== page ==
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Bayfield County board backs moratorium on concentrated animal feeding operations

Three people were removed by Bayfield County sheriff’s deputies and Washburn police officers from a Bayfield County Board meeting on Wednesday night that dealt with concentrated animal feeding operations. (Lisa Kaczke / lkaczke@duluthnews.com) 1 / 2
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WASHBURN — Bayfield County will take 12 months to study concentrated animal feeding operations after residents turned out in opposition to Reicks View Farms’ proposed operation in the county.

The Bayfield County Board approved the moratorium in an 8-5 vote Wednesday night.

A committee composed of six County Board supervisors and six community members will study the potential impact a CAFO could have on the county and the Lake Superior and Ashland water systems.

Reicks View purchased 568 acres in the town of Eileen near an existing dairy facility for about  $1.24 million. The proposed farm is close to Benoit and about 8 miles southwest of Ashland.

Opposition has grown, and there has been pressure both within the County Board and without to act to preserve what County Supervisor William Bussey has called “the county’s environmental and agricultural local ethic.”

A petition started Jan. 29 on Moveon.org asking the supervisors to pass a “two-year moratorium on livestock facility siting” garnered 3,075 signatures through Monday — including 1,360 from Bayfield and Ashland counties.

Opponents of the CAFO say it’s too risky to produce such concentrated amounts of waste in and around the Fish Creek Watershed, which empties into Lake Superior.

Glenn Stoddard, an attorney in the city of Bayfield, told the board on behalf of opponents to Reicks View’s proposal that litigation is going to occur to stop the proposal no matter what the County Board approved.

“We’re going to stop this thing … because this is a disaster waiting to happen,” he told the board.

Stoddard urged the board to approve the moratorium, which he said would lessen the acrimony that’s been bubbling up about the issue in Bayfield County since December.

“Stand up for the people. Stand up for Bayfield County as a government institution,” he said.

Jim Zorn, who would live a half-mile downwind from the proposed CAFO, asked the board to slow down and take the time to understand the potential effects on the area.

“Please stand up for us next door,” he said.

Although many turned out in opposition to the CAFO, several area farmers said the moratorium would suggest that farming isn’t welcome in Bayfield County.

Jessica Pierce, a hog farmer in Eileen, said she feared the moratorium could affect her farm. Those in opposition aren’t experienced in hog farming, but rather are “only experienced in retrieving information on Google,” she said.

“I’m tired of hearing negativity related to an operation regulated by the DNR,” she said.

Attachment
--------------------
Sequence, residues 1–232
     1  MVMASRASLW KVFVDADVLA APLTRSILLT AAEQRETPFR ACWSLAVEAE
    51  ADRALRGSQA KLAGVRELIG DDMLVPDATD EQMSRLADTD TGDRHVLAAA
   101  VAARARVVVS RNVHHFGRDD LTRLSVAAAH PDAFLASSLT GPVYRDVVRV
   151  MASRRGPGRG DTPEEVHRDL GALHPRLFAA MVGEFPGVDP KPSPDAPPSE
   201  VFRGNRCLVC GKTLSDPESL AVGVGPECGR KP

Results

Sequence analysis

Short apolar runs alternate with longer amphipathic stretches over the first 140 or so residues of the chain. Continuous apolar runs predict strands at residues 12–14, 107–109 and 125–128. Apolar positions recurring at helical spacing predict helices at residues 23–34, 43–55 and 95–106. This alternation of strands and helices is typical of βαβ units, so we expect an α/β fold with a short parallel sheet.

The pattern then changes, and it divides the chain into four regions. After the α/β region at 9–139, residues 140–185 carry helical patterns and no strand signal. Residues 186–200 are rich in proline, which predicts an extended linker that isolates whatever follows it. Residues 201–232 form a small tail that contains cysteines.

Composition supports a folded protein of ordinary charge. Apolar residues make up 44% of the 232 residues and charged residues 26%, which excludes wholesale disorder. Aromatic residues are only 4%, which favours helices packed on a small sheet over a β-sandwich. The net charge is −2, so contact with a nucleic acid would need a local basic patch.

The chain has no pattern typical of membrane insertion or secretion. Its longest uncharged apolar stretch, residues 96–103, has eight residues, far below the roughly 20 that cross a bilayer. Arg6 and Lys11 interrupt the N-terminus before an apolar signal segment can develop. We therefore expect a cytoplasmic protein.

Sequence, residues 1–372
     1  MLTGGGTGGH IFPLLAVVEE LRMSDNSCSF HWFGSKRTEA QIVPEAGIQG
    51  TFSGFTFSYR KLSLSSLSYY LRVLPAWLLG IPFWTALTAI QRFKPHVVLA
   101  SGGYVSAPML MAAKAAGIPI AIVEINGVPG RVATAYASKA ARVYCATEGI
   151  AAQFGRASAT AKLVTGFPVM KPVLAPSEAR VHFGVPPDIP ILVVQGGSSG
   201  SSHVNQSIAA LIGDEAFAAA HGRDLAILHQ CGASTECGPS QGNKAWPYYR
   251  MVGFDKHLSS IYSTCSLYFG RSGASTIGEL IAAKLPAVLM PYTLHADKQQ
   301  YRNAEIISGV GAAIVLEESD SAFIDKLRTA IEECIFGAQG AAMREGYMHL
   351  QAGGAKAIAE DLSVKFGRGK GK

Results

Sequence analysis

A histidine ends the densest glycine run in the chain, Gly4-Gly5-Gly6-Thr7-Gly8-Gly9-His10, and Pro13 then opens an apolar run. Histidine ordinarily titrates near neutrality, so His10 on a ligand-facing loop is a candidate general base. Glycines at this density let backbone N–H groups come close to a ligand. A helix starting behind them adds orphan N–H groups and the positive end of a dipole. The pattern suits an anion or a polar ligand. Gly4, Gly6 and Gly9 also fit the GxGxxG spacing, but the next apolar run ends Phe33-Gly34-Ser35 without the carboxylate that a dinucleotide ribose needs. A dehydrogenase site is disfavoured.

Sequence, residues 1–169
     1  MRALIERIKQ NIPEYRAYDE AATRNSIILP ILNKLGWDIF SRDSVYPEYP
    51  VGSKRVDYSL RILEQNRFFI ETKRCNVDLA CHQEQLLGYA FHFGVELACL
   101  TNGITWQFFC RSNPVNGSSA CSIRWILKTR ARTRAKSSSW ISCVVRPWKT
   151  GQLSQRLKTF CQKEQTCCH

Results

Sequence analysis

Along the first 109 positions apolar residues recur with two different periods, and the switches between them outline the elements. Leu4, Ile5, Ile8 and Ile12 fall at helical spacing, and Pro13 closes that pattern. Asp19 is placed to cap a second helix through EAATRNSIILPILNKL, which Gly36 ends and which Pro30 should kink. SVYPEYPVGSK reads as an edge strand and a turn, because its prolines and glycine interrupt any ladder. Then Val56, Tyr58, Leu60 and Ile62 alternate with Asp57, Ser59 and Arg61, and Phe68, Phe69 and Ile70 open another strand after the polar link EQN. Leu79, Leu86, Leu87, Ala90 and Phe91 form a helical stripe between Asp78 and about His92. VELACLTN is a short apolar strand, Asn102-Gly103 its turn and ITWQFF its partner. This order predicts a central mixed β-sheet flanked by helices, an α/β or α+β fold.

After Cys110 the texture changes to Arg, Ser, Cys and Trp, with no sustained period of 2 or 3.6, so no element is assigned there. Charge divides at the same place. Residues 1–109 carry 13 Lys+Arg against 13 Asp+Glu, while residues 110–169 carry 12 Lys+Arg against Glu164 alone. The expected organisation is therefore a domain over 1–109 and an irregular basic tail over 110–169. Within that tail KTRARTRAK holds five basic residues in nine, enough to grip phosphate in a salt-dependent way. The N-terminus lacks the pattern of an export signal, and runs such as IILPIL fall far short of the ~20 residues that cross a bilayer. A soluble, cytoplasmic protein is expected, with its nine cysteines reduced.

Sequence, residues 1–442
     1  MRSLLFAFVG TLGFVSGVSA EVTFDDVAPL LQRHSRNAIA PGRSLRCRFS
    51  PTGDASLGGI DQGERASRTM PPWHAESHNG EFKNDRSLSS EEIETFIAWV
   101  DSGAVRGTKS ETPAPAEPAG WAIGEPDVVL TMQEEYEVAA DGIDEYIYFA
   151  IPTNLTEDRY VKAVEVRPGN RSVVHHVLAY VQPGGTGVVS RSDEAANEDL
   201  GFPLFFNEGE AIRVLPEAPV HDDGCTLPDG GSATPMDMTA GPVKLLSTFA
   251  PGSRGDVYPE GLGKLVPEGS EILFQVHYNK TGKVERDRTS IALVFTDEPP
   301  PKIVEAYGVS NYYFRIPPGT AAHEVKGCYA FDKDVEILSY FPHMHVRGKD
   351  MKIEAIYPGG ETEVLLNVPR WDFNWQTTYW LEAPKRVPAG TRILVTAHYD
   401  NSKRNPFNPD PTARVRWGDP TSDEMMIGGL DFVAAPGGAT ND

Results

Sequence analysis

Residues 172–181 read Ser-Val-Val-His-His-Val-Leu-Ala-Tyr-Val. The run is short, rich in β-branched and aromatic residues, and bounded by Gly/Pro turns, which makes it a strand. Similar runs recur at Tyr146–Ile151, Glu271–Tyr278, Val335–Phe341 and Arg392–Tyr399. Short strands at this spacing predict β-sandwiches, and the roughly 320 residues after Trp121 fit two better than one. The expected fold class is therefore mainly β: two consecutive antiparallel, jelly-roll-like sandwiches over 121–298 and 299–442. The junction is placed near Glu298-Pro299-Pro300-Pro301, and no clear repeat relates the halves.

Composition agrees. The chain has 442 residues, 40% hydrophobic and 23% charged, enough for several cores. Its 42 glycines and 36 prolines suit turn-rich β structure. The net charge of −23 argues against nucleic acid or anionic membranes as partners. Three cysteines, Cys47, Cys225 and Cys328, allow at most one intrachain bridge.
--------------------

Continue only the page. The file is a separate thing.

Lauren Skye, a farmer in Mason, noted that the CAFO issue had become a “three-ring circus” that began when Reicks View proposed a CAFO and “someone pushed the panic button on factory farms.” Opponents have only recently taken an interest in farming, she said, inviting them “to come to my house at midnight to do beef checks.”

However, many opponents countered that argument by saying that the moratorium wasn’t a vote against farming in general.

Barksdale resident John Thomas said he was concerned with the money needed to study CAFOs for 12 months. The County Board approved $10,000 for the study during Wednesday’s meeting. Thomas said the state will gather the same information the 12-member committee will learn during the moratorium, essentially using his taxes for a redundant study.

“Why do we always assume someone’s hiding something?” he asked.

The board’s approval came after a contentious meeting in which three people were removed by Bayfield County sheriff’s deputies and Washburn police officers, in addition to a member of the audience removing himself from the meeting after his outburst. The boardroom was full, people lined the hallways and a video feed was being shown in an overflow room.

After audience members reached the board’s public comment time limit, a line of audience members still waited to speak, causing outbursts among those in line. Officers and deputies stood in the room to keep it under control.

Stoddard questioned the board’s direction to remove the audience members, saying “What are you doing, bringing people out by the cops?” He asked the board to let people have a debate and comment on the potential CAFO.

The furor over Reicks View Farms’ potential move into Bayfield County began in December, after the fifth-generation pork producers from near New Hampton, Iowa filed an initial application with the Wisconsin Department of Natural Resources. In it, farm owner Dale Reicks stated his intentions to start a concentrated animal feeding operation that would make it the northernmost CAFO in the state.  

Reicks View Farms would be making its first venture out of Iowa to produce piglets that would be trucked back to Iowa to be raised there. The farm’s application is for more than 25,000 animals, including 7,500 mature animals, 5,200 pigs that have yet to give birth and the remaining 14,000-plus piglets on a farm with three large industrial barns. Reicks View has said in a “project overview” that manure will be stored in “rebar reinforced concrete pits under the buildings” with no open-air manure storage. The pits are pumped and the manure knifed into the soil that produces grains and “forages for feeding the dairy cows.”

The County Board acted in January to prohibit aerial spraying of manure onto fields.

News Tribune reporter Brady Slater contributed to this report.

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